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Charles Dharapak | AP file photo Sen. Mike Lee, R-Utah, speaks at the Faith and Freedom Coalition Road to Majority Conference in Washington, June 13, 2013.
Editorial: Sen. Lee right about convention, wrong about rules

Lee’s cure worse than the disease.

First Published Aug 22 2014 04:44 pm • Last Updated Aug 24 2014 12:11 pm

Sen. Mike Lee, whose fingerprints are all over the disgraceful government shutdown, knows better than most how little Congress is able to accomplish. Now he wants to make sure that other parts of the federal government are just as big a waste as the legislative branch is.

On the bright side, meanwhile, Utah’s junior senator made it clear at his own anti-regulation powwow in Salt Lake City Thursday that he is not a total tea party lemming.

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He opposes, correctly, the idea that the states should call a new constitutional convention to mandate balanced federal budgets or other right-wing articles of faith. Not because he grasps the fact that a constitutionally mandated end to deficit spending is a sure recipe for global financial collapse — he doesn’t — but because he respects the amendment process that has been used successfully for more than two centuries. The one where proposed amendments make their way through Congress and go to the states for ratification.

Lee correctly worries that a new constitutional convention — lacking the moderating and compromising genius of the original authors — would run a serious risk of tossing off all kinds of ideologically charged and damaging ideas.

Speaking of which. Lee’s proposed solution to his belief that the federal bureaucracy exists mostly to torment the American people as they go about their lives and businesses is clearly a cure that is worse than the disease.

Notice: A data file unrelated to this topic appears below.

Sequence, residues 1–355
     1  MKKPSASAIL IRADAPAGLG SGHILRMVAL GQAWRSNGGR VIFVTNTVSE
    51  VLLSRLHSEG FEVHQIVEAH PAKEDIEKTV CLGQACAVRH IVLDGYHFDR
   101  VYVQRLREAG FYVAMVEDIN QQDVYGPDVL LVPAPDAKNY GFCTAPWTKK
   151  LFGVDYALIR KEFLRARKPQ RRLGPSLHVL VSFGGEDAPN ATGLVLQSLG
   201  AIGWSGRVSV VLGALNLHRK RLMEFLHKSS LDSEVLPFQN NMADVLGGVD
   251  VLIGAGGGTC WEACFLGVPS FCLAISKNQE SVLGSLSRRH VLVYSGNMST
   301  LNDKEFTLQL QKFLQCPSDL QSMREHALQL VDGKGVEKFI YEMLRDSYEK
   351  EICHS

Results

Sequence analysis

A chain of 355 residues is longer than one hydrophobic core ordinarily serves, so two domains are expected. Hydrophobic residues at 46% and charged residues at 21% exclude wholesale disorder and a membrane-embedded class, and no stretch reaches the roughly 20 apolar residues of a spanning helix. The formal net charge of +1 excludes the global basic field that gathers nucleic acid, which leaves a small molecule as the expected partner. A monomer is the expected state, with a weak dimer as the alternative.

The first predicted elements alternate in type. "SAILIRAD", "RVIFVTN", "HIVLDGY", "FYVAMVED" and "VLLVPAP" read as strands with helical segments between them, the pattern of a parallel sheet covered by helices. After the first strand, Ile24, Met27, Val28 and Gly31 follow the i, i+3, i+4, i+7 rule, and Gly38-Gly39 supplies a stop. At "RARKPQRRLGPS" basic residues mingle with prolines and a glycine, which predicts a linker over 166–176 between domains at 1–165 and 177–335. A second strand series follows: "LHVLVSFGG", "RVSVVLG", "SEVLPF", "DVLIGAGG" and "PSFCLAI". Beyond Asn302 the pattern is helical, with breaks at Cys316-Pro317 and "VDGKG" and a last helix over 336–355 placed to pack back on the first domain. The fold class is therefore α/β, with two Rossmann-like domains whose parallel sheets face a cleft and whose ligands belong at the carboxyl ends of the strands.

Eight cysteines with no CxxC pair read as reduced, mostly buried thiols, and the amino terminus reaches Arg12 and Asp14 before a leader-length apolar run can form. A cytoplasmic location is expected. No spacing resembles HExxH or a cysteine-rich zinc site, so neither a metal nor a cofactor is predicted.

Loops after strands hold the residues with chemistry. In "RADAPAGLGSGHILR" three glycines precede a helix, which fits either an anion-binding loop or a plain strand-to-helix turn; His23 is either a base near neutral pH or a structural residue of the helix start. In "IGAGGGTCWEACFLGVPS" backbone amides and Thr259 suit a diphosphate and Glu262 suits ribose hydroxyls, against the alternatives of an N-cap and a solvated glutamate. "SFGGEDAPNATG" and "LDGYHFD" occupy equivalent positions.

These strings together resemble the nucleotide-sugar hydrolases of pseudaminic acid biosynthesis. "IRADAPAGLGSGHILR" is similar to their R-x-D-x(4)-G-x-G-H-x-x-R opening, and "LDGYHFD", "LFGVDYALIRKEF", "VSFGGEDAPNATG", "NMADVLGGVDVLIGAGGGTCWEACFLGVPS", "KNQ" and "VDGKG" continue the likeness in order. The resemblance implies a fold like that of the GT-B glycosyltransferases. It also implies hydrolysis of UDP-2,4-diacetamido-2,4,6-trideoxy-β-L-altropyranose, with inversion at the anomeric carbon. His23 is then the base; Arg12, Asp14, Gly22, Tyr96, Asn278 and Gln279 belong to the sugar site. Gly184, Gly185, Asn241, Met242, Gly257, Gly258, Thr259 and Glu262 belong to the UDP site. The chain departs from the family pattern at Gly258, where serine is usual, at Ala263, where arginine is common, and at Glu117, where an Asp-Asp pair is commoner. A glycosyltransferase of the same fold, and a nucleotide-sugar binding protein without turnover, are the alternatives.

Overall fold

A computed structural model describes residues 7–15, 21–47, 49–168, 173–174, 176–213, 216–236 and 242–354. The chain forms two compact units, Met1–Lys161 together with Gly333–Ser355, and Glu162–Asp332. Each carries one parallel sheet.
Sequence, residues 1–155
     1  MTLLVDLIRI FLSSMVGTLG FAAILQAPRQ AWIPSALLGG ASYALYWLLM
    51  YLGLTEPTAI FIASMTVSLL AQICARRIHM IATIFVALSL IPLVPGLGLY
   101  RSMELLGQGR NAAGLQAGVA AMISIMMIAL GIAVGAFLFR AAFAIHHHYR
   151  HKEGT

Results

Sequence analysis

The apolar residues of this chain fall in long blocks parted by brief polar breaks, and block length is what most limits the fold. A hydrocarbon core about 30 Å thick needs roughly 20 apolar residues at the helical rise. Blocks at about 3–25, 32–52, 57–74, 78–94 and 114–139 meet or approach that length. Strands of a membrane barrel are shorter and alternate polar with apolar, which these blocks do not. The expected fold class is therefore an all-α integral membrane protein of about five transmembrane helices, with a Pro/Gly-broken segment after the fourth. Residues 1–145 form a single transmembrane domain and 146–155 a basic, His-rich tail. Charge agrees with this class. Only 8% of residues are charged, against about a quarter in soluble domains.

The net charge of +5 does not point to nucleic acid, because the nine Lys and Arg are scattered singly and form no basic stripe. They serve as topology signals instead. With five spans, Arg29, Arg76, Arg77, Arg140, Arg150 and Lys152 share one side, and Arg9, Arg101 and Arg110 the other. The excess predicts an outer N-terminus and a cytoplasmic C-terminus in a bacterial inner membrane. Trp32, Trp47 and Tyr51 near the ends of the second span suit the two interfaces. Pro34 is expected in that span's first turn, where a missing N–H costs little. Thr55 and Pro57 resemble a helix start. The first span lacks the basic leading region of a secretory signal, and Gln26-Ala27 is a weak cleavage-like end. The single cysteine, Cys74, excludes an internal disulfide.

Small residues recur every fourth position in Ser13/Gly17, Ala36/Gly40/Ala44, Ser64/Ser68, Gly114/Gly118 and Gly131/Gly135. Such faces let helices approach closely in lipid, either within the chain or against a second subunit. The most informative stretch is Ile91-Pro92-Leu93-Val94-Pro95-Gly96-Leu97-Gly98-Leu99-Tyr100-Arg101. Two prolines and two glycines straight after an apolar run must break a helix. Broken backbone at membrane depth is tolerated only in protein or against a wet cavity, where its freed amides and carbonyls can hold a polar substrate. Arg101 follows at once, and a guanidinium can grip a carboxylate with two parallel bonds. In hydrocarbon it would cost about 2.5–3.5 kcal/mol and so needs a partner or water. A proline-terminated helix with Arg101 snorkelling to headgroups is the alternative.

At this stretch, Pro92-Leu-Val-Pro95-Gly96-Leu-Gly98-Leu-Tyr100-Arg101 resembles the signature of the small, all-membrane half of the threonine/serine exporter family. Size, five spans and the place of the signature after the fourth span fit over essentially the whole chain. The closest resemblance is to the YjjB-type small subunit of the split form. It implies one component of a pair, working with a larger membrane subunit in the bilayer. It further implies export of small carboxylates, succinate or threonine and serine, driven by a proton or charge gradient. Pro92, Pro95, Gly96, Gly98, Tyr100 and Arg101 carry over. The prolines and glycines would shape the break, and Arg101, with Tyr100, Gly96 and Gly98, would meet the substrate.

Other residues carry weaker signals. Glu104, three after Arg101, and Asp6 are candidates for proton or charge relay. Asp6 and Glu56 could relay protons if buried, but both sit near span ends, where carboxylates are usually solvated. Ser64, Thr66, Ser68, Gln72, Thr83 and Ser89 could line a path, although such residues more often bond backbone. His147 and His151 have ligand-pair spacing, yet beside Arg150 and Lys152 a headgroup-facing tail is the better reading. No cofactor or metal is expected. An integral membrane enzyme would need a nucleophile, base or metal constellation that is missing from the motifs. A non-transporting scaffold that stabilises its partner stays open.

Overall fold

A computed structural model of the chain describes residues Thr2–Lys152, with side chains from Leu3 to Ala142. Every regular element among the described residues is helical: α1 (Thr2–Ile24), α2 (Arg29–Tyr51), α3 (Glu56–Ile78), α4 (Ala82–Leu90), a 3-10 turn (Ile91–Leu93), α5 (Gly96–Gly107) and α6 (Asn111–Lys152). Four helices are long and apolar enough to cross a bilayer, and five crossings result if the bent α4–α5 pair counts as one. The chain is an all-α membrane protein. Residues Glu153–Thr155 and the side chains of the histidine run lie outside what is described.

Not that bureaucracies at all levels can’t be genuine pains. The federal rule-making apparatus, particularly, has the thankless task of taking compromised, vague and ideologically inspired acts of Congress and trying to turn them into actions and procedures that really serve and protect the American people.

Often, as Lee argues, they fail. Often, as Lee argues, it is because members of Congress are happy to take credit for an idea that sounds good on paper, or in a campaign sound bite, and happier still to blame the bureaucrats when actual practice doesn’t live up to pie in the sky legislating.

His proposed solution, however, is a really bad idea. Lee would make both house of Congress ratify every new federal rule with at least a $100 million impact on the economy.

That’s a plan that would ensure that few, if any, new rules would be adopted. Even, or especially, rules opposed by those who would steal from our financial institutions, pollute our air and otherwise make private profit at public expense.

Congress has the power to amend laws that are being poorly, even stupidly, implemented by the executive branch. That power should be used more often. Lee’s proposal should be used not at all.


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